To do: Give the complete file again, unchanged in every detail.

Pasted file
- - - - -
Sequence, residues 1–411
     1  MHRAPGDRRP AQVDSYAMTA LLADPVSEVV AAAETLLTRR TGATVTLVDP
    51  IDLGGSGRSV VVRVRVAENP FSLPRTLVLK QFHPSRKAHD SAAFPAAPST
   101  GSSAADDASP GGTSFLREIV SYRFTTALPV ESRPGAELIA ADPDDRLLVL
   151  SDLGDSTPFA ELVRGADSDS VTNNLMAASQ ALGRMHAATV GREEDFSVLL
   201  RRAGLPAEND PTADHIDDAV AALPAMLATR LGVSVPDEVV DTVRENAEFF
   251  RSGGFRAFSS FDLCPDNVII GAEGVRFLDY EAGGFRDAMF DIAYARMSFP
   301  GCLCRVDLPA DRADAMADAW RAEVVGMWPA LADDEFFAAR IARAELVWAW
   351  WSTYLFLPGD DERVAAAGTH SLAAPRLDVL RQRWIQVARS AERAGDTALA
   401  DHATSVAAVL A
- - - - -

Sequence, residues 1–411
     1  MHRAPGDRRP AQVDSYAMTA LLADPVSEVV AAAETLLTRR TGATVTLVDP
    51  IDLGGSGRSV VVRVRVAENP FSLPRTLVLK QFHPSRKAHD SAAFPAAPST
   101  GSSAADDASP GGTSFLREIV SYRFTTALPV ESRPGAELIA ADPDDRLLVL
   151  SDLGDSTPFA ELVRGADSDS VTNNLMAASQ ALGRMHAATV GREEDFSVLL
   201  RRAGLPAEND PTADHIDDAV AALPAMLATR LGVSVPDEVV DTVRENAEFF
   251  RSGGFRAFSS FDLCPDNVII GAEGVRFLDY EAGGFRDAMF DIAYARMSFP
   301  GCLCRVDLPA DRADAMADAW RAEVVGMWPA LADDEFFAAR IARAELVWAW
   351  WSTYLFLPGD DERVAAAGTH SLAAPRLDVL RQRWIQVARS AERAGDTALA
   401  DHATSVAAVL A